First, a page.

For more fundamental or long-term writings though, I obviously opted for a ready-made solution with replaceable booklets. I think I could make a “traveler’s format” notebook myself, I’m just too lazy to do this, so I bought a Midori-style clone from our local manufacturer, and one of a very good quality, I must add. Not being a big fan of multiple rubber bands and t h i c c journals, I think my setup will never have more than two inserts at a time, but this clone also has a nice set of pockets inside the cover front where various more or less flat things can fit, so I deem it versatile enough as it is. Having watched several Midori-related videos though, I don’t really understand why people tend to overcomplicate stuff so much. It’s just a notebook cover for the replaceable inserts that itself (with one blank insert bundled) costs around $50 (+shipping), and the additional inserts cost about $5.4/each for the most basic ones (blank, lined, grid) and $9/each for the advanced ones like the card pockets. On the contrary, I bought mine, already with some pockets inside on the front cover (3 for cards and 1 for larger objects) made out of leather, and a single insert of my choice, from a local manufacturer brand for $15, and additional blank and lined inserts for ~$3.8/each. Not trying to advertise the brand but this really raises the question: what do the Japanese really ask so much for here? It ain’t Korg or Casio. It doesn’t take any kind of the highest technology to manufacture such notebooks anywhere in the world where leather as a material is accessible. A perfect target for small craft shops and not-so-lazy DIYers. But the original Midoris are the ones who gained huge, almost Moleskine-grade mindless cult following by hipsters around the world. Let it be, I’ll rather support our national manufacturers whenever I can in these trying times.

But I digress from the people who are used to fill such notebooks with various stuff besides the usual booklets of paper to write or draw in. They baffle me. Maybe this format encourages to do so, I really don’t know. But it’s a “brilliant” marketing strategy: to announce a notebook that is “hackable, but you’re supposed to hack it with our officially released add-ons only”. Luckily, nothing prevents any third parties from creating their own inserts of the same format. Anyway, why do people buy so many non-basic inserts and how do they manage to shove all this into a single cover without the main booklets sticking out so much, is beyond me. Maybe the stock Midori booklets are just not as thick as the ones my local clone is shipped with. But it’s just puzzling how people who want to use the notebook as a tool to organize their lives manage to turn it into an unorganized mess too. No wonder because whatever happens inside that leather cover fully reflects the thought processes of its owner. And instead of trying to organize their thoughts, such owners think that the notebook can somehow magically help them to do this, but end up bringing the same disorder into its pages instead. Yes, it’s a creativity tool, but just a tool nonetheless, it doesn’t have any additional intelligence to share with you. Of course it’s a more subtle example of a famous saying from the Fight Club, “the things you own end up owning you”, but it still holds even for such simple things. And endless reviews and discussions on which notebooks or notetaking systems are better just confirm it one more time.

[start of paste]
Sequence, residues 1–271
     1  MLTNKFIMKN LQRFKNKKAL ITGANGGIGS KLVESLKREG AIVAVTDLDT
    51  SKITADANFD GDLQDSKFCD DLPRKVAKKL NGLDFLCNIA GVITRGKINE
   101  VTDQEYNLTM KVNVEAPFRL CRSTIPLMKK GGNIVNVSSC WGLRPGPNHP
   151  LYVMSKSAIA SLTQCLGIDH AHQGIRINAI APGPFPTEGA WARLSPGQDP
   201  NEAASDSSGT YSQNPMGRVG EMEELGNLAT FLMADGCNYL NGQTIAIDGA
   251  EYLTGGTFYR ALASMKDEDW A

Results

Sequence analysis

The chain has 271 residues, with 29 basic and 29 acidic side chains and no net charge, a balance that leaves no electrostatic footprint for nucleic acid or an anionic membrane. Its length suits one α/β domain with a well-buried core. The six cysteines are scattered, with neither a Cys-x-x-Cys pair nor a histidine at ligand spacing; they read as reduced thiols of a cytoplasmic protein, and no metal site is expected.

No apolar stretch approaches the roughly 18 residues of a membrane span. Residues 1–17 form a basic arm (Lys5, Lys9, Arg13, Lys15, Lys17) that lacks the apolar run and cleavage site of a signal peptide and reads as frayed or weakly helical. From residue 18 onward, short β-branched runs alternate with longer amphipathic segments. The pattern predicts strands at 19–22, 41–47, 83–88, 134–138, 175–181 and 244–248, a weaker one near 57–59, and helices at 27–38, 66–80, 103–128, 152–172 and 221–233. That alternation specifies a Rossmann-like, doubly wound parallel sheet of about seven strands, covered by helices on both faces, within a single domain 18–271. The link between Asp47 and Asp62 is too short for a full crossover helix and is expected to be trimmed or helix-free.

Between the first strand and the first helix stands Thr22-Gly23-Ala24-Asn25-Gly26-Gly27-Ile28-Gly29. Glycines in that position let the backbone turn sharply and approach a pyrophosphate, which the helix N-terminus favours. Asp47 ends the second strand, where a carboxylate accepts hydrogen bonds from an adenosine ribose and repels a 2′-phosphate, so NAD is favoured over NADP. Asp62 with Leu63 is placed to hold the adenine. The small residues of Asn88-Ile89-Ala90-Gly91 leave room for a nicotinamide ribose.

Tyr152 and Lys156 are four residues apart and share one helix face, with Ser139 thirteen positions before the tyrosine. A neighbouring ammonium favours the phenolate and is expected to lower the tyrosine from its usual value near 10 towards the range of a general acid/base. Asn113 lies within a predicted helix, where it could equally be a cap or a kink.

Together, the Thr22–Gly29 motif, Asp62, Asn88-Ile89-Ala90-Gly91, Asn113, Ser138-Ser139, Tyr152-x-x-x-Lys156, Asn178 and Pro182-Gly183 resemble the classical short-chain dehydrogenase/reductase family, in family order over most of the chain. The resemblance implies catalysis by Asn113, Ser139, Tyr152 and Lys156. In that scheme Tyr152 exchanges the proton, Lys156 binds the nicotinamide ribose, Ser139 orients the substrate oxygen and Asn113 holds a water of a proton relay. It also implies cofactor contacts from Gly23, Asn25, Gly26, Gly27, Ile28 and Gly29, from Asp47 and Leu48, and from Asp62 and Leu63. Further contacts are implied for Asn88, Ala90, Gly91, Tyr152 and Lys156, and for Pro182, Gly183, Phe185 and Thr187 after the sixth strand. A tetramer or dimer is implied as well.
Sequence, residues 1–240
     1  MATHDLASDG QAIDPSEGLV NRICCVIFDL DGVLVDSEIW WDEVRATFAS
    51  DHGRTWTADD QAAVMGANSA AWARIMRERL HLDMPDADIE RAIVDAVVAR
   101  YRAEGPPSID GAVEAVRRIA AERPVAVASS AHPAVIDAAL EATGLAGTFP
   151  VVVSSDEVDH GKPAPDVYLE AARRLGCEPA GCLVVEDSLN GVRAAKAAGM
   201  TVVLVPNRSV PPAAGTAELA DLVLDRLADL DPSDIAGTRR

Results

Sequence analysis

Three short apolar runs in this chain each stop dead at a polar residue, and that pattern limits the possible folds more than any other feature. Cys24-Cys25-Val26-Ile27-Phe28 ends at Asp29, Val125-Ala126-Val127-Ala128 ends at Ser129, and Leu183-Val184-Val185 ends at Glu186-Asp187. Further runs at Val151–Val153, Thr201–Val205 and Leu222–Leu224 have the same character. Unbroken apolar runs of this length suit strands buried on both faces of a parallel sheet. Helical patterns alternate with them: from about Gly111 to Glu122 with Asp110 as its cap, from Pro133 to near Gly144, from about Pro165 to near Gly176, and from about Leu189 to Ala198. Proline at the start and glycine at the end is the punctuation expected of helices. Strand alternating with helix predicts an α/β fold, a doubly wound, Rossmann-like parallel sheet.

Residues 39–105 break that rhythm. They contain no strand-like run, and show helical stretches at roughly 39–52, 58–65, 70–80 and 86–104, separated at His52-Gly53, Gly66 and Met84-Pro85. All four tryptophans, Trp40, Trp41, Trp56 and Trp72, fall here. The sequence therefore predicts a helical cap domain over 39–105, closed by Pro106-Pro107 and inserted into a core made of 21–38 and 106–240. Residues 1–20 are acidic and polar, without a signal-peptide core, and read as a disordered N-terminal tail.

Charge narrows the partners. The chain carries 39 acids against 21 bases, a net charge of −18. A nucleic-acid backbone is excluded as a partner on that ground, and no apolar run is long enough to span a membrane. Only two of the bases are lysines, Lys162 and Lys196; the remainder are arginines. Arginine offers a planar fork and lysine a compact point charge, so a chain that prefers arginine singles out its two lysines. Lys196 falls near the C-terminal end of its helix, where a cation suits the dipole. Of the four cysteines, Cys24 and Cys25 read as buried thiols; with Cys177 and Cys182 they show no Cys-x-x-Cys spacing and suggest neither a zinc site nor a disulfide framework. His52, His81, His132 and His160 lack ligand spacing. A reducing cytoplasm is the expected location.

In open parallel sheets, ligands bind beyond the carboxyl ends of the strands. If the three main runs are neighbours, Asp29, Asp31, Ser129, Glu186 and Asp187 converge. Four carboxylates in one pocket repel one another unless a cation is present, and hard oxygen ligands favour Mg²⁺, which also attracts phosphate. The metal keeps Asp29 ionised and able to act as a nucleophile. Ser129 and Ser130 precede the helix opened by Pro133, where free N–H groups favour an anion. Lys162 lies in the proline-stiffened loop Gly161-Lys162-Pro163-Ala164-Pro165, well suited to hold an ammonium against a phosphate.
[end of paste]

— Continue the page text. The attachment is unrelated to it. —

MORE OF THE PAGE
So, what is the bottomline after all this train of thoughts? Well, it’s simple: stop wanking on creativity tools and start creating. Stop wanking on guitars and synths and start playing them. Stop wanking on digital cameras and start taking photos/videos. Stop wanking on soldering stations and start soldering. Stop wanking on IDEs/graphics editors and start coding/drawing. Stop wanking on notebooks and pens and start writing. Focus on what you create and don’t let the how distract you. No “success stories” driven by marketing agendas can ever replace your own experience with the tools you already have and your own knowledge or ability to learn how to use them as efficiently as possible. You, and only you, can decide what makes yourself more productive and creative. Remember this, and remember to apply this whenever you’re in doubt about your tools, and a lot of things about your activity suddenly will become much simpler than they seemed.